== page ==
Here's a clear example of ML improving search: voice search. You might not use it, but it's extremely popular in India and other developing markets. "G search has gotten worse as they’ve focused on recency in the index, gotten more tolerant of synonyms, and gotten less strict about quoted phrases." None of these are "machine learning" - these are product decisions. If you wanted to say "Google is not an ML company," you'd point to the outsized human influence on search rankings (see, e.g. https://static.googleusercontent.com/media/guidelines.raterh...).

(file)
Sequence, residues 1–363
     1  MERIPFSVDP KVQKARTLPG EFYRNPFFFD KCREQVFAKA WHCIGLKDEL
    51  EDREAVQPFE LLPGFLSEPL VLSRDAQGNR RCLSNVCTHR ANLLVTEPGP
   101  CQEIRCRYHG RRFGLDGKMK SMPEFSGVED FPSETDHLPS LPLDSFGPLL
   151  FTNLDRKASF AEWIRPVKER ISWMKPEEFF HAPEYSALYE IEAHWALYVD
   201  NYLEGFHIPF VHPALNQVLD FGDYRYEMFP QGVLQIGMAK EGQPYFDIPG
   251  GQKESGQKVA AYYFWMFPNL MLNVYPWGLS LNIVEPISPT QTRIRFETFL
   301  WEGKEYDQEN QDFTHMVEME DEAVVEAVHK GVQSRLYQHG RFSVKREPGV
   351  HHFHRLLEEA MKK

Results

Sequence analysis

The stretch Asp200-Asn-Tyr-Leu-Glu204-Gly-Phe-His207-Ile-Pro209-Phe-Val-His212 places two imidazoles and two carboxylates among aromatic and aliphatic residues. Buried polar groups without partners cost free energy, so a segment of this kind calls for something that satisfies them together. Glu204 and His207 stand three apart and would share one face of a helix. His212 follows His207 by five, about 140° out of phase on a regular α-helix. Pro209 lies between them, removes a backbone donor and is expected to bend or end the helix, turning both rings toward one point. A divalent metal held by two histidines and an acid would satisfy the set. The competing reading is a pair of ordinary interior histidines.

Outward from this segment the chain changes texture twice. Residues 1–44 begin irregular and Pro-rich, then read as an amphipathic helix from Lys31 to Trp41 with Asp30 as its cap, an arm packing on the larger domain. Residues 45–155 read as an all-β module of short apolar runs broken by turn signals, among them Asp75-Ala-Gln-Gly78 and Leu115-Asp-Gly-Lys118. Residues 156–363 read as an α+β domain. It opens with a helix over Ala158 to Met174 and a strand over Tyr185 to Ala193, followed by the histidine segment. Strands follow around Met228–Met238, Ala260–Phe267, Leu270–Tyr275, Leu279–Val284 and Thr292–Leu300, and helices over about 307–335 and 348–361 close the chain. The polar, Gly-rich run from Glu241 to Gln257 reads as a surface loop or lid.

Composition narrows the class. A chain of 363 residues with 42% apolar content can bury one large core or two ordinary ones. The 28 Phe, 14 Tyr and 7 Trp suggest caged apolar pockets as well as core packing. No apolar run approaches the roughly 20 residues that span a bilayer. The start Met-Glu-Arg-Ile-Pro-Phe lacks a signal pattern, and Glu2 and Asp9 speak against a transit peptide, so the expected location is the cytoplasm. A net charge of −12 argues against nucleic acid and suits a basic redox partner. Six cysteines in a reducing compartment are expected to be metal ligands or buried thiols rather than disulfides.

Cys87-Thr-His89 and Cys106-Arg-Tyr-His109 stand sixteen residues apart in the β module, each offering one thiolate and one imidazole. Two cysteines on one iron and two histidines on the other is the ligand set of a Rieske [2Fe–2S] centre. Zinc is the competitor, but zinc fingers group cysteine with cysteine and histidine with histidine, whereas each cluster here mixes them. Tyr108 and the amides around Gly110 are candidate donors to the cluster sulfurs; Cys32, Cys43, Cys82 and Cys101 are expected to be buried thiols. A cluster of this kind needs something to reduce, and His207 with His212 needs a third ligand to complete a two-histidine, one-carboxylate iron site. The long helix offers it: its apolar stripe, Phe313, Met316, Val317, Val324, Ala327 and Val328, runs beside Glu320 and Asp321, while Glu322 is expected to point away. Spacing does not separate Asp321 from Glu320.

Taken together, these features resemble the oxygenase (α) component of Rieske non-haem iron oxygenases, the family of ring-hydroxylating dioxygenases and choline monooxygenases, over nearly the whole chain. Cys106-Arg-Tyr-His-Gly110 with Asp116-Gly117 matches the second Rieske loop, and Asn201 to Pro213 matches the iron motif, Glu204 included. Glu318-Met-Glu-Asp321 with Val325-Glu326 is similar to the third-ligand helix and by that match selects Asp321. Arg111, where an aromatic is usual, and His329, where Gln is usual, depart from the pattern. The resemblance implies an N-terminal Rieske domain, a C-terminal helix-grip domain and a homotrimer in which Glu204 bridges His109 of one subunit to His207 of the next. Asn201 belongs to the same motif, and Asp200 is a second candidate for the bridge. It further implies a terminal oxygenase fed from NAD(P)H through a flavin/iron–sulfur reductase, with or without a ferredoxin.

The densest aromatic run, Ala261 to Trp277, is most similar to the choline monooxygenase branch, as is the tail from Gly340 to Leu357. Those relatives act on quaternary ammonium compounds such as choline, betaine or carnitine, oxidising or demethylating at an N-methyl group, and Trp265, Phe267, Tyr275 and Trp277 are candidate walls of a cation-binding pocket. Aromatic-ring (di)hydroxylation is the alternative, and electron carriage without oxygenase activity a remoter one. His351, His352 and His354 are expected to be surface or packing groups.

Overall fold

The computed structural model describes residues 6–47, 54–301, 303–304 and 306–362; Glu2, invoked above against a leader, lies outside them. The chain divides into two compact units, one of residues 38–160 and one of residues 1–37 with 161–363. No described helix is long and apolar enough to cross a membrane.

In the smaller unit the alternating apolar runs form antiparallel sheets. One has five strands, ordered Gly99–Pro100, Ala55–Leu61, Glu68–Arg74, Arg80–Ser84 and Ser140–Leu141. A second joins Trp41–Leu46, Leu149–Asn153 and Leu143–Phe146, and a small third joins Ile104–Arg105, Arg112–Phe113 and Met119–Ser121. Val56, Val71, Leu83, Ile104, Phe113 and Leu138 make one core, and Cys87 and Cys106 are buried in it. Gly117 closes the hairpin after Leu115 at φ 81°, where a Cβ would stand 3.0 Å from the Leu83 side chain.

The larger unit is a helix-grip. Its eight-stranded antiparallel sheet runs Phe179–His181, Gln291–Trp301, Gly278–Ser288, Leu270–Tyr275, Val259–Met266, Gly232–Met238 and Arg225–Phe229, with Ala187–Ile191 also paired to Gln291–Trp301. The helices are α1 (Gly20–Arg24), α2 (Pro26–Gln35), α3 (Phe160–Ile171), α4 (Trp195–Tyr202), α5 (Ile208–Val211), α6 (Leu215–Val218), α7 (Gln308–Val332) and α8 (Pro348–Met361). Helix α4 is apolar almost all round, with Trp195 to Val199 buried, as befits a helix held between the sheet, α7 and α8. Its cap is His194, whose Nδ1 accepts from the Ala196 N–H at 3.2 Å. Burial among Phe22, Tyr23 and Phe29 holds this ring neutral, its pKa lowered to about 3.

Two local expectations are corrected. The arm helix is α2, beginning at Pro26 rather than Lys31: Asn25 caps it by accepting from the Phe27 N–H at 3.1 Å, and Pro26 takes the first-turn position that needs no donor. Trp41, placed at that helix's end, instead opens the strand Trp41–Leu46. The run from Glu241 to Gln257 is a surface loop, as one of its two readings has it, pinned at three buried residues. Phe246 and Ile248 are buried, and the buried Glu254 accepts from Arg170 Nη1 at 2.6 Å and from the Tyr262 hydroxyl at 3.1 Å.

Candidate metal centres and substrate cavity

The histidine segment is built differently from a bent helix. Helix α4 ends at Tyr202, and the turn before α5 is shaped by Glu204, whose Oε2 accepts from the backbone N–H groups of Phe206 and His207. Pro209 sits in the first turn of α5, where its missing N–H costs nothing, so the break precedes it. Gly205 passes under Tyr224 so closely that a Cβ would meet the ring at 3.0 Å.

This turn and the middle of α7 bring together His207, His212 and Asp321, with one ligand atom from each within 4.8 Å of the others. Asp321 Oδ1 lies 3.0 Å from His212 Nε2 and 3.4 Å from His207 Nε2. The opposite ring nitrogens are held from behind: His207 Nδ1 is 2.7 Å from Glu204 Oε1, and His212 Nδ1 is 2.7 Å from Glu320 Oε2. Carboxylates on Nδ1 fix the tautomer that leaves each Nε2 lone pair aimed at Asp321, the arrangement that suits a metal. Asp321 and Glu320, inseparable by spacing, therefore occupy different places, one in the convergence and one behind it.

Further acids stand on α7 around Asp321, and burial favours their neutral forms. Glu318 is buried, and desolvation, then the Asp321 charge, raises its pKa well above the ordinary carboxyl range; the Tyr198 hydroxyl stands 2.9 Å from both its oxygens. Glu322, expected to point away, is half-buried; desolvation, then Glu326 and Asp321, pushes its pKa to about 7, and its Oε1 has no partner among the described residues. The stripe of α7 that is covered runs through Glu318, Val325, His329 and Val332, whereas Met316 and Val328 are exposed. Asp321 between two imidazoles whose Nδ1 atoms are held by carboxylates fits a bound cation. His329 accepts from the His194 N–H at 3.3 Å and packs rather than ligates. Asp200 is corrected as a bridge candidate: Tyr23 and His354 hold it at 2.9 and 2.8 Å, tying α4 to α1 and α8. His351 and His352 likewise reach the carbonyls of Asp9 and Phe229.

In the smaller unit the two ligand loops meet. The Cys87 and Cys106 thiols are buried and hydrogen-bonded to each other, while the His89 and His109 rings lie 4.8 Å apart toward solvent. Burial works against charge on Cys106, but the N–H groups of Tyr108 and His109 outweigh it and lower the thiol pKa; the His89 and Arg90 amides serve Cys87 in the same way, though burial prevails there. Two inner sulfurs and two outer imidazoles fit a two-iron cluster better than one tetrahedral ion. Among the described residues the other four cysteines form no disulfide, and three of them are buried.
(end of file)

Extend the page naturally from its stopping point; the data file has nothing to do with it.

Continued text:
Google Maps is extremely valuable as a proprietary dataset, and we're all making it better whenever we do a captcha, doing object recognition from streetview. So are YouTube, News, Translate, and so many others.
There are so many papers detailing practical metric improvements from ML: https://arxiv.org/abs/1810.09591, is one ("Replacing the manual scoring functionwith a gradient boosted decision tree (GBDT) model gave one of the largest step improvements in homes bookings in Airbnb’s history, with many successful iterations to follow" and deeper neural nets offered significant improvements after that).